You can use WOWA’s reverse mortgage calculator to learn how much of a reverse mortgage you may qualify for. These payments are tax-free and could be paid in a recurring manner, a one-time payment or a combination of both. The reverse mortgage doesn’t need to be paid back unless the last homeowner sells, moves or dies.
If you need help understanding your options or are confused with your calculations, talking to a financial advisor may be worthwhile.
There can be several financial, practical and emotional benefits that can come with downsizing after retirement. For example, a couple decides to sell their detached home in Toronto and buy a condo in the same area. The average sold price for a detached house in GTA in Invalid Date was $ while the average sold price of a condo was $. Conservatively assuming that the couple sells their current home for $NaN and buys a condo worth $ NaN makes for a whopping difference of $NaN. After subtracting the agent fees, closing costs and other associated expenses, the couple can still expect to be left with approximately $NaN. This way the couple could free up a substantial amount of money from their home equity which can be used for their daily expenses, investment or travel.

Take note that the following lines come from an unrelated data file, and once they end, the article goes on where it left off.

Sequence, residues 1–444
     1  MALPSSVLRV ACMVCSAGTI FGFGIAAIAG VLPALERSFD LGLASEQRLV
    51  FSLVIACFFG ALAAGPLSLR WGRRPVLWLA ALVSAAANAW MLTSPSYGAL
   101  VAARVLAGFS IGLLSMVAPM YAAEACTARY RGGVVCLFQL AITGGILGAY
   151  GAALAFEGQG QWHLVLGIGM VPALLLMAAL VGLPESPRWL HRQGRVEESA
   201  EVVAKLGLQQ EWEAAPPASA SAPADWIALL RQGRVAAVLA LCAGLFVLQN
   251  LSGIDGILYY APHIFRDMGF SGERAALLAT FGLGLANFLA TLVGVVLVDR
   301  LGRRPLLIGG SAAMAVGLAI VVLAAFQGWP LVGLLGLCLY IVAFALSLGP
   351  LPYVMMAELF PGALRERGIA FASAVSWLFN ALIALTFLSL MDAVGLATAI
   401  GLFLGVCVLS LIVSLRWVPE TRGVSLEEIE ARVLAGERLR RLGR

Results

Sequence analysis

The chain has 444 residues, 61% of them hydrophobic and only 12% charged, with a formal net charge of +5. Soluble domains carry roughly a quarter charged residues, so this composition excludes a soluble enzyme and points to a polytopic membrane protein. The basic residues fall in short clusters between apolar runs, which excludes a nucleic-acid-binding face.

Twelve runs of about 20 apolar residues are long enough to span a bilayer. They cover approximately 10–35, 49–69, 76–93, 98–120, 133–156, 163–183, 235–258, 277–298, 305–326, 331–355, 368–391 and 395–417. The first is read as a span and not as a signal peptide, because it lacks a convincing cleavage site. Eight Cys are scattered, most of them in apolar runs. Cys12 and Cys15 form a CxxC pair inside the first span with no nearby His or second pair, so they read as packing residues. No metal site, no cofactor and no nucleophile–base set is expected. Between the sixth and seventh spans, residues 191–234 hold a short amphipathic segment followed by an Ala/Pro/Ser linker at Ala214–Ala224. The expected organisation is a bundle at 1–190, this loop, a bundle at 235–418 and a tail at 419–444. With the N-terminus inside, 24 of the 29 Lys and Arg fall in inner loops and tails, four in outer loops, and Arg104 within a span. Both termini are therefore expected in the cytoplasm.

At the same time, statistics suggest that nearly 50% of Canadians over the age of 75 are living with a disability while public health surveys suggest that 73% of Canadians over the age of 65 suffer from at least one of top 10 most common chronic diseases. Continuing to live in the same home might incur expenses such as installing staircase lifts, walk-in tubs and safety alarms that could cost you anywhere from $5,000 - $15,000 on average. Downsizing on the other hand could address mobility issues while also reducing the burden of housework and maintenance which can be beneficial for most seniors.
Other common benefits why retirees choose to downsize are:
Even though the benefits of downsizing your home for retirement might sound very compelling, you must account for the costs attached to downsizing before you make the decision to go ahead.